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Nov 17, 2013 (3 years and 8 months ago)

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Biometrics

Suzy Zhao

Information Systems 101

October 13, 2005

Biometrics is the technology of authenticating a person’s identity by verifying a personal
characteristic. Biometric devices grant users access to programs, systems, or rooms by
analyzing some b
io
metric identifier (Schmidt, 2005
). A biometric identifier is a physical
or behavioral characteristic. Examples include fingerprints, facial features, hand
geometry, voice patterns, signatures, and eye patterns.

A biometric device translates a personal ch
aracteristic into a digital code that is compared
with a digital code stored in the computer.

If the digital code in the computer does not
match the personal characteristic’s code, the computer denies access to the individual
.
The most widely used biometr
ic device today is a fingerprint scanner. A fingerprint
scanner captures curves and indentations of a fingerprint. With the cost of fingerprint
scanners less than $100, experts believe this technology will become the home user’s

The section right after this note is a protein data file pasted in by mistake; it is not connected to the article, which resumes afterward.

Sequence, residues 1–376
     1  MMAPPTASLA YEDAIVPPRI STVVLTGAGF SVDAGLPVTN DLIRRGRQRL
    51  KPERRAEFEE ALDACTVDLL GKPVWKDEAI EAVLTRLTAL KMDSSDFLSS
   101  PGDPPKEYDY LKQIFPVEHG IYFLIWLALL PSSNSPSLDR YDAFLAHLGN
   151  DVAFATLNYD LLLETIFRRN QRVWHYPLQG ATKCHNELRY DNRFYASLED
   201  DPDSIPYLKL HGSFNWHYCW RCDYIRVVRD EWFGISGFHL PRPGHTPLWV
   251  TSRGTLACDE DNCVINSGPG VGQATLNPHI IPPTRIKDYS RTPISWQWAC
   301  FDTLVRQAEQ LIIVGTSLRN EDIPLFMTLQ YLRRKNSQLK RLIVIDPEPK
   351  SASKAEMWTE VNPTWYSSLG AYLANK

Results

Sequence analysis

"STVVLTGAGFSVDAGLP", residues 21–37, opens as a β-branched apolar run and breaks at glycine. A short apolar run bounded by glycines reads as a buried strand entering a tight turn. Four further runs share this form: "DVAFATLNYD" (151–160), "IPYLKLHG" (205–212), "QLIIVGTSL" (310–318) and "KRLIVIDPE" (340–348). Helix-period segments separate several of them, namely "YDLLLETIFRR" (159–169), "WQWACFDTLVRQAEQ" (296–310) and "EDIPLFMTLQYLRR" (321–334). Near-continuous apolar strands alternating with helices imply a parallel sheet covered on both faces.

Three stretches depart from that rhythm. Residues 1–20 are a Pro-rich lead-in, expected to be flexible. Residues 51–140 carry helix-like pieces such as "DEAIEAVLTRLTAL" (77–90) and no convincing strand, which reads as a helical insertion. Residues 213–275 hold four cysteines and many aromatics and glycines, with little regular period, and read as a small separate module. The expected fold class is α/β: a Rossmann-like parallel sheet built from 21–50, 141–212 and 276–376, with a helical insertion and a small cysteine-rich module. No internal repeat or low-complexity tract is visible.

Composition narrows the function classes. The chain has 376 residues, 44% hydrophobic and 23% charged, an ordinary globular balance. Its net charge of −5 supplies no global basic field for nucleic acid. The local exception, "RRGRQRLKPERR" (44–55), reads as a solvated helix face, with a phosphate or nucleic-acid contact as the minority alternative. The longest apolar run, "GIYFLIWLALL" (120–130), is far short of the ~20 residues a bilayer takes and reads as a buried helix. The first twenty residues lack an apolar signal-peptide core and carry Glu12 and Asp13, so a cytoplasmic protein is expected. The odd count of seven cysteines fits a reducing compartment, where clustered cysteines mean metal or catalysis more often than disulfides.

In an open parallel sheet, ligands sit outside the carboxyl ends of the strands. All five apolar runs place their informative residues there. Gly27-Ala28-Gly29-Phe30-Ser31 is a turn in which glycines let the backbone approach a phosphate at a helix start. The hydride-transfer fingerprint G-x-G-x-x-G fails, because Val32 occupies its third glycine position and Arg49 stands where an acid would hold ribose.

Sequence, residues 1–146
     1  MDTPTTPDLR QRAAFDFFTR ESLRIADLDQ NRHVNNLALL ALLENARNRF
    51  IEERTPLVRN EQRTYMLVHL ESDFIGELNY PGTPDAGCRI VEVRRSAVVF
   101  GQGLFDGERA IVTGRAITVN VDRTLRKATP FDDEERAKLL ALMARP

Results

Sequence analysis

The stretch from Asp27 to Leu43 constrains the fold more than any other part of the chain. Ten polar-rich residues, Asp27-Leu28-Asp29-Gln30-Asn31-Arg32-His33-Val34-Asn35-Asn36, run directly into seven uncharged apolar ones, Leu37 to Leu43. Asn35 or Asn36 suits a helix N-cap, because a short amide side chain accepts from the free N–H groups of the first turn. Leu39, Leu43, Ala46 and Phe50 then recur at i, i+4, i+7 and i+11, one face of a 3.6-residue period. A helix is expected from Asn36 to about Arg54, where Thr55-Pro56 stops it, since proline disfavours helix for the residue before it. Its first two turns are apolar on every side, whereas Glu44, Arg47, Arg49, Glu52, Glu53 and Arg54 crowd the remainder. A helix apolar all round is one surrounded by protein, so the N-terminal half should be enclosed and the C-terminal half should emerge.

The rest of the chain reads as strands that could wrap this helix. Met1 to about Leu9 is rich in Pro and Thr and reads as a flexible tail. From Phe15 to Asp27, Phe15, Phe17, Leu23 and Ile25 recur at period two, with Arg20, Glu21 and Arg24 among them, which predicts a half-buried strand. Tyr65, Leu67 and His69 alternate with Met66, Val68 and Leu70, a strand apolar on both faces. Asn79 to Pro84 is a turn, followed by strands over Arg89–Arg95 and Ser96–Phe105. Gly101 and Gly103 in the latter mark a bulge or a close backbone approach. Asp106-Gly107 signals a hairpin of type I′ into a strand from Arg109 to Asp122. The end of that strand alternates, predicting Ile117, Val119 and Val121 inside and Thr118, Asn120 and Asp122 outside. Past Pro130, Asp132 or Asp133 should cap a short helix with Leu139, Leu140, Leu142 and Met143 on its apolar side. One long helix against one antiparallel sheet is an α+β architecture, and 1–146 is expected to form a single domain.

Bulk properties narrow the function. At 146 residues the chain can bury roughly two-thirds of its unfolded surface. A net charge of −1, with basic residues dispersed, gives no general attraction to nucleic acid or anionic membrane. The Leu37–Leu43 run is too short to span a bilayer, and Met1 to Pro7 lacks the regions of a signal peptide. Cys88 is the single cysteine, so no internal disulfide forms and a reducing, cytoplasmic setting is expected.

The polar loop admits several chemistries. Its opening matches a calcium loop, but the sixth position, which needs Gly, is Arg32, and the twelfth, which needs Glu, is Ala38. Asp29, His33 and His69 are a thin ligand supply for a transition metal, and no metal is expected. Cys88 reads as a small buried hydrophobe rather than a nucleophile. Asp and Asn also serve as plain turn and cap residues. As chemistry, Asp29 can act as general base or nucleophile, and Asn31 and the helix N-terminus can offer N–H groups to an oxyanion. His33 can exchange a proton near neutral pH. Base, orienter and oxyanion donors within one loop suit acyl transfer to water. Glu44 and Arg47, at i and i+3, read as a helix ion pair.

authentication device for e
-
commerce transactions
” (Carter & Juarez, 2005, p. 47).

To
conduct a credit
-
card transaction, the Web site would require users to hold a finger on the
scanner. External fingerprint scanners usually plug into a parallel or USB port.
Businesses use fingerpr
int scanners to authenticate users before they can access a
personal computer. Grade schools use fingerprint scanners as an alternative to lunch
money. Students’ account balances adjust for each lunch purchased.

Law enforcement, surveillance systems, airpo
rts, day
-
care centers, financial institutions,
the military, and other organizations that deal with highly sensitive data use other types
of biometrics. A face recognition system captures a live face image and compares it with
a stored image. A hand geomet
ry system measures the shape and size of a person’s hand
(Computers and Biometrics
, 2005
). A voice verification system compares a person’s live
speech with his or her stored voice pattern. A signature verification system recognizes the
shape of a handwritt
en signature, as well as measures the pressure exerted and the motion
used to write the signature. Finally, an iris recognition system reads patterns in the iris of
the eye.


References

Carter, D. W., &
Juarez
, L. C
.

(2005). Securing confidential data ente
red into a c
omputer.
Boston
: Thomas Publishing
.

Comp
uters and Biometrics (
2005
, October 3)
.

Retrieve
d

August 12, 2006, from

http://www.scsite.com/wd2003/pr2/wc.htm.

Schmidt, K.

J.

(2005).
Biometrics and

authenticating computer users.

Compu
ters and the
Inte
rnet 12,

54
-
62.